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Merlot

The Merlot grape is a close cousin to Cabernet Sauvignon in many respects.  It is lower in tannins and makes wines that mature faster and are softer in texture.  Merlot is often blended with Cabernet Sauvignon in order to soften the blend. At its best, Merlot makes a wine that is dry, rich in flavor and smooth as it finishes in your throat. At its worst, Merlot makes wine that is dry but thin in taste and texture, and not very pleasant to consume. Most of what you will come across are likely to be of pretty good quality.

Merlot Grape Cluster
Merlot is able to mature in regions that are cooler than those required for Cabernet Sauvignon.  Merlot is more susceptible to fungus and mold diseases and therefore a bit harder to grow.  Merlot varies widely in quality around the world depending on location and producer.  This variety was first known for its success in the Saint Emilion and Pomerol areas of BordeauxChateau Petrus is the stellar example of fine Merlot.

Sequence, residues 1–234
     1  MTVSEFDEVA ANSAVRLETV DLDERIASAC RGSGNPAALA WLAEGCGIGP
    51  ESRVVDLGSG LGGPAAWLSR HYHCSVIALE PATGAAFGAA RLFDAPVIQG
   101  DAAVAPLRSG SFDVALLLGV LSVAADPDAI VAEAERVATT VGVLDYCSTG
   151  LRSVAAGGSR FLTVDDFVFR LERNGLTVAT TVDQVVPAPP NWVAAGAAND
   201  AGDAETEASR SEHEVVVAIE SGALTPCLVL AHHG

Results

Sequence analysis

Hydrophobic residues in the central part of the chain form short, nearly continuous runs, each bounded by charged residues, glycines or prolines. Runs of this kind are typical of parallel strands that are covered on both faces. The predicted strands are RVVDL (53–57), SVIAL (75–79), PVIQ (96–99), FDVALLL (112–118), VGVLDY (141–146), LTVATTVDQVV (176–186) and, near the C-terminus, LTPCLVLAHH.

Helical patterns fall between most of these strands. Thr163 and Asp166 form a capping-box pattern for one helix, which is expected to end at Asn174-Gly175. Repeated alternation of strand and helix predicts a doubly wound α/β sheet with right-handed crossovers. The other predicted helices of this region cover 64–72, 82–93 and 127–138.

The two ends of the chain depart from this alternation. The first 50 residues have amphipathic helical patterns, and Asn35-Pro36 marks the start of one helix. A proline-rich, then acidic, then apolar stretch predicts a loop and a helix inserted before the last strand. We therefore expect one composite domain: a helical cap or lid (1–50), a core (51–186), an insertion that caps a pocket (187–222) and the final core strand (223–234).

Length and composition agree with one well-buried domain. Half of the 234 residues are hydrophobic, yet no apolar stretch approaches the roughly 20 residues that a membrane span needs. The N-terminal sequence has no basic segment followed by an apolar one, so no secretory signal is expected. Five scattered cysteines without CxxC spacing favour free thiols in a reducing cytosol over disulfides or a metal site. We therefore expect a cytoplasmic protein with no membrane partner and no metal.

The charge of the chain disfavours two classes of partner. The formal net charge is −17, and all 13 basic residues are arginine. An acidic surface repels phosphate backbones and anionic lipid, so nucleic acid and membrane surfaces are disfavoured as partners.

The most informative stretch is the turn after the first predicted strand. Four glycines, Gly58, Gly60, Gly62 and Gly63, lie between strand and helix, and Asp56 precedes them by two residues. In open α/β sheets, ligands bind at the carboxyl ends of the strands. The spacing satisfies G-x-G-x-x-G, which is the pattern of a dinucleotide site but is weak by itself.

Merlot usually has ripe berry components in the bouquet.  Its wines tend to be soft, fruity and smooth in texture.  Select Merlots can have long aging potential but most are ready to consume in 4 to 8 years. Merlot is usually bottled in a Bordeaux (high shouldered) bottle.

Merlot is enjoying a surge in popularity and additional acreage is being planted in many major producing regions.  It came to California in the mid-1860s and has become one of the most popular wines since its surge in popularity in the 1990s.

Merlot should be served slightly below room temperature. When alcohol reaches 74 degrees F., it is likely to cause an unpleasant sharpness in the taste. Cooling the bottle for 15 or 20 minutes (but not much longer) in a refrigerator can be a good way to reach the desired serving temperature.